Lord Bew of Donegore is a crossbench peer, a former Chair of the Committee on Standards in Public Life, and is Professor of Irish Politics at Queen’s University, Belfast.

Does the long tedious and unhappy story of the Irish backstop have one last twist? Last week, the terms of the debate began to change. Frightened by the prospect of a no-deal Brexit, Angela Merkel instructed Michel Barnier to consider a fall back plan to uphold the Good Friday Agreement.

Merkel has some form on this. In January, she held a lengthy phone conversation with Leo Varadkar in which she stressed her concerns on the Irish protocol. But this time she has clearly gone a step further. On Saturday, the Irish Times reported that the European Commission and the Republic of Ireland had begun discussions in this new context. The Irish government has reacted with visible nervousness and a determination to downplay such news.

Poor old backstop! It was initially hailed by both the UK and EU governments as the only way to save the Good Friday Agreement and a soft border in Ireland. It has now decidedly lost that status.

The shift began with the British Government. In January, David Lidington was still prepared to insist that the back-stop and the Good Friday Agreement were locked together in a harmonious fit. In February, Karen Bradley was still prepared to say the same thing. However, in the face of a mounting tide of empirical evidence that this was not the case, the Government’s position began to shift in March.

It now said that it might be necessary to disapply the provisions of the backstop in order to protect the prior agreement – namely the Good Friday Agreement. Indeed, it argued that such a conflict might create the context in which the UK might exit the back-stop altogether on the basis of an appeal to international law.

But it really is something when a significant part of the EU leadership joins the list of backstop agnostics.  For 18 months or more, the EU and the Irish government have insisted that the backstop alone could preserve the Good Friday Agreement.  This was the only true religion.

Now we discover that there may indeed be another possibility worthy of discussion.  Of course, this exploration was inspired by the fear of a no-deal exit – one which may well recede. However, once aired and publicised in this way, the new thinking cannot simply be put back in the box.

The Government has an immediate responsibility to offer its help in this matter. After all, the current Republic of Ireland-EU discussions cannot produce solutions  without UK cooperation. At the moment, these discussions are, to use the Chinese phrase, like the sound of one hand clapping.  The UK could contribute a lot to such discussions. The Government’s early and revealing refusal to contemplate taking the advice of very senior European customs officials has come to an end.  The war against experts is, in that sense, over. We can share their advice – which insists that a frictionless border can be created within two years.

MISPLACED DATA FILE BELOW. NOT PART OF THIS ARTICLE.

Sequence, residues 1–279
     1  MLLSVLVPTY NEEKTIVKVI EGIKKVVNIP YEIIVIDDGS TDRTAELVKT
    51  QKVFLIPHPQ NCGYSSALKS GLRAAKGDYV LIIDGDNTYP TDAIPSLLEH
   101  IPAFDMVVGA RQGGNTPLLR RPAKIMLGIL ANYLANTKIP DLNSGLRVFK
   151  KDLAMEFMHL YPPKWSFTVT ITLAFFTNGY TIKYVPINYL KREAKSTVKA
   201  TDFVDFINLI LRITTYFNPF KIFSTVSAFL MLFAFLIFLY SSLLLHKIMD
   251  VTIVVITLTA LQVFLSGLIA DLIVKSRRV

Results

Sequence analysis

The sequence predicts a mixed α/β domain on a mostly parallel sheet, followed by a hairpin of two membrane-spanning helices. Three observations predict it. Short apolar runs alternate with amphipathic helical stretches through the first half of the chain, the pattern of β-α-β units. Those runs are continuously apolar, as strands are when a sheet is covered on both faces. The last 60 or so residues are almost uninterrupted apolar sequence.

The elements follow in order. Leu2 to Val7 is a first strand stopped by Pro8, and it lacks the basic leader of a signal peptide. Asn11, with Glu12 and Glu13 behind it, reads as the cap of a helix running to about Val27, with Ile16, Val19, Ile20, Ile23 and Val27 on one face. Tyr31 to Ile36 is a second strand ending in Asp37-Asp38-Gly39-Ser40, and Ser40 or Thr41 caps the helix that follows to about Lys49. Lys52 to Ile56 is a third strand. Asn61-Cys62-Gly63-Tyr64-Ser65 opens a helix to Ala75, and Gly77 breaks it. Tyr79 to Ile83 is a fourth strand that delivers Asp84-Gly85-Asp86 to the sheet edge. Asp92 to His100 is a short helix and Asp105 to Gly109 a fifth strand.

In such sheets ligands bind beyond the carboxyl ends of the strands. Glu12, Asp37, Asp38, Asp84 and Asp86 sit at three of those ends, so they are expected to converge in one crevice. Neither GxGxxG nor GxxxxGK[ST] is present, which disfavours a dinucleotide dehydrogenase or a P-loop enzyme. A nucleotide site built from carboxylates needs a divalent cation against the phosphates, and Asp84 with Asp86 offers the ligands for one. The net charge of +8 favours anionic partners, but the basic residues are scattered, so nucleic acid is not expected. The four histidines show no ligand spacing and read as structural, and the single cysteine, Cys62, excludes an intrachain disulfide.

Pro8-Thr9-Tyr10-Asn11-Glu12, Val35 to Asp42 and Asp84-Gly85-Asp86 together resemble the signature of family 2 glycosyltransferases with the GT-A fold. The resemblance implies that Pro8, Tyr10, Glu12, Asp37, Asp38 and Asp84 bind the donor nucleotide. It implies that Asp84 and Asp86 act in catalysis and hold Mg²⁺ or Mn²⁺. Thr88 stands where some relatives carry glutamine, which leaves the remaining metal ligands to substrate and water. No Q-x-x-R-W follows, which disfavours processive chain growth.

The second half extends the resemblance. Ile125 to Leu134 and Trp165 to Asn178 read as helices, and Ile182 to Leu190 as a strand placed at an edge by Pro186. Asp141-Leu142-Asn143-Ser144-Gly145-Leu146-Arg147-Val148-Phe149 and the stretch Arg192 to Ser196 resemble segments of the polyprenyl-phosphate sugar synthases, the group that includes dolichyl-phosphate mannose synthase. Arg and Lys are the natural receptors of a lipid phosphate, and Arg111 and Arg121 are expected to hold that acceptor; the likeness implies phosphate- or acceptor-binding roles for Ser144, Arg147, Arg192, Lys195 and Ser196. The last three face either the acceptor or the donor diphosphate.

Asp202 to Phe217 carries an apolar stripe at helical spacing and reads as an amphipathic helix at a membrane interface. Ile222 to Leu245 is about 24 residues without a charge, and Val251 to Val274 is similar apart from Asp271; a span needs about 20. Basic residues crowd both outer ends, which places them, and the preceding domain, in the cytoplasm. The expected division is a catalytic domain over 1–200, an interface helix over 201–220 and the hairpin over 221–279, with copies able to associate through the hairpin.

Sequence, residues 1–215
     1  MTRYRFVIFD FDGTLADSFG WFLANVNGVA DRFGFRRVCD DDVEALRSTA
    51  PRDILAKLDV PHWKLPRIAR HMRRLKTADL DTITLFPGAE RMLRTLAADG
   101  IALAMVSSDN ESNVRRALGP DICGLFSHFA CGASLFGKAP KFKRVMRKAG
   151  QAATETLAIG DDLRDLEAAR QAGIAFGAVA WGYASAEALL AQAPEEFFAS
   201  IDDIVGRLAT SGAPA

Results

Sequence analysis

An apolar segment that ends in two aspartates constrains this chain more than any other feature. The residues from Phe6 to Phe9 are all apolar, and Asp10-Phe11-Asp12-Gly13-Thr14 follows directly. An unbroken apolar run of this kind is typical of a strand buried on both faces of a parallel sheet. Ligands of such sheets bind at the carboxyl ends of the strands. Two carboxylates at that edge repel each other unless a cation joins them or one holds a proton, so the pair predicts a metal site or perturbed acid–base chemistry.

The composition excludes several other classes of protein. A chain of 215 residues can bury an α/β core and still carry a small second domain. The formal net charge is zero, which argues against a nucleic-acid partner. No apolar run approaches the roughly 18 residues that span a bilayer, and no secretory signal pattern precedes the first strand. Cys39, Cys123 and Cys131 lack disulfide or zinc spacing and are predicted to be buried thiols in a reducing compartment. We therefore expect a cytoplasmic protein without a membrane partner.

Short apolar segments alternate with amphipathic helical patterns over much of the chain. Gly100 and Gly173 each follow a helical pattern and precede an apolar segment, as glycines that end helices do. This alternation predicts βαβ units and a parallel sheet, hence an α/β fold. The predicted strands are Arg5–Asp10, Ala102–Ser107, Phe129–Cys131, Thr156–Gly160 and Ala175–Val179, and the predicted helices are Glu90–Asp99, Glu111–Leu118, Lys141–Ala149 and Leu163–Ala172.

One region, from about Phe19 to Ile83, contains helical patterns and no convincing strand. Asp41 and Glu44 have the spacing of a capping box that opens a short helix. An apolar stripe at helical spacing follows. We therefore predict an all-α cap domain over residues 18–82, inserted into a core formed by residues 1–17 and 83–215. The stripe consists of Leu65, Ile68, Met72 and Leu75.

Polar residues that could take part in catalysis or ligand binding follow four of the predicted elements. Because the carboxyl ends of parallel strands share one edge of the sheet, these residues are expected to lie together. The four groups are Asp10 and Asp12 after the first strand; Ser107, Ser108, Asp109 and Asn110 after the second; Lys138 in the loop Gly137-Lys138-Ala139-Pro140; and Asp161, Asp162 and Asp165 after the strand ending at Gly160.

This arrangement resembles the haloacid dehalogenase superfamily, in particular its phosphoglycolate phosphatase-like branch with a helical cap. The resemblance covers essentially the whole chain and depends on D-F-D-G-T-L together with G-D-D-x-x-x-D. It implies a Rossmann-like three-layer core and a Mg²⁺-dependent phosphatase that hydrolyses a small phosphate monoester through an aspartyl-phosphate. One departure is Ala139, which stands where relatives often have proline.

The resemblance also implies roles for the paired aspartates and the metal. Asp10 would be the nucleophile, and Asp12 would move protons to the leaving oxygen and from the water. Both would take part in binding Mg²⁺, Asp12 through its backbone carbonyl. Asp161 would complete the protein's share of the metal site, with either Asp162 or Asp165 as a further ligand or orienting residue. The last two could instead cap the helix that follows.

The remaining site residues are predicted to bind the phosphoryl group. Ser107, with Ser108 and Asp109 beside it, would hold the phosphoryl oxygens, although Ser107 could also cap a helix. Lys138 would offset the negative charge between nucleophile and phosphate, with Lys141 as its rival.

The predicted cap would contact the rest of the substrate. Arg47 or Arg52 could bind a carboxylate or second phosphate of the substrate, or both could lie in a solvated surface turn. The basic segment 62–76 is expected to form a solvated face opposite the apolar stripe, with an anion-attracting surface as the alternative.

There will still, of course, be smuggling illegality, and therefore a threat to the Single Market – and talk about intelligence-led policing along the border in line with our own and the Irish government’s strong support for United Nation’s Security Council resolution 1371. This would also be in line with Sajid Javid’s new Security Bill. It should be possible to involve in those Northern Irish officials with knowledge of the facts on the ground who were engaged in dialogue with Dublin in the early months of Brexit before it was decided that these matters could only be dealt with at the Brussels level.

It may be time to look again at the mapping exercise which underlined the backstop. At its conclusion and in the protocol itself, it was claimed that the EU context was ‘significant’ for North/South cooperation. There is likely to be truth in this. But precisely how significant? It is obvious that large areas of North/South cooperation under the 1998 agreement – in health, education and agriculture, for example, have no particular EU context. Indeed, the provisions of the backstop steal away from the working functions of the Good Friday Agreement on animal and food safety, and place them under the aegis of a new back-stop bureaucracy.

Most important of all in the short term is the effect of Merkel’s instruction to Barnier about the UK parliament. The possibility of passing a third Meaningful Vote has been receding for several days. At first sight, it has to be reduced by this new twist in the tale.

Is there really possible to ask Parliament to contort itself – to tear its heart out, some might say – to pass a Withdrawal Agreement based on back-stop provisions which a significant part of the EU leadership regards as conceivably unnecessary? It might be that one way out is to add a two year time limit to the backstop and seek the EU’s agreement. Stability of trade in Europe would be guaranteed for almost four years, and tens of thousands of jobs all over the continent would be saved at a stroke.

Another beneficiary, ironically, would be Varadkar. The rural bourgeoisie which is the life blood of his party has always been alarmed by talk of breaking with the British market for Irish agriculture. Traditionally, this has been the rhetoric of Fine Gael’s opponents, but now that party is led by a leader who sometimes gives the impression of regarding the agricultural section in a rather distant way. Varadkar’s poll numbers are not impressive recently particularly among farmers, who are perhaps less concerned about the border and the Good Friday Agreement than he is.  The polls say that 43 per cent of the Irish people want a compromise with Britain. If he were to be a party to such a compromise his numbers would likely go up not down.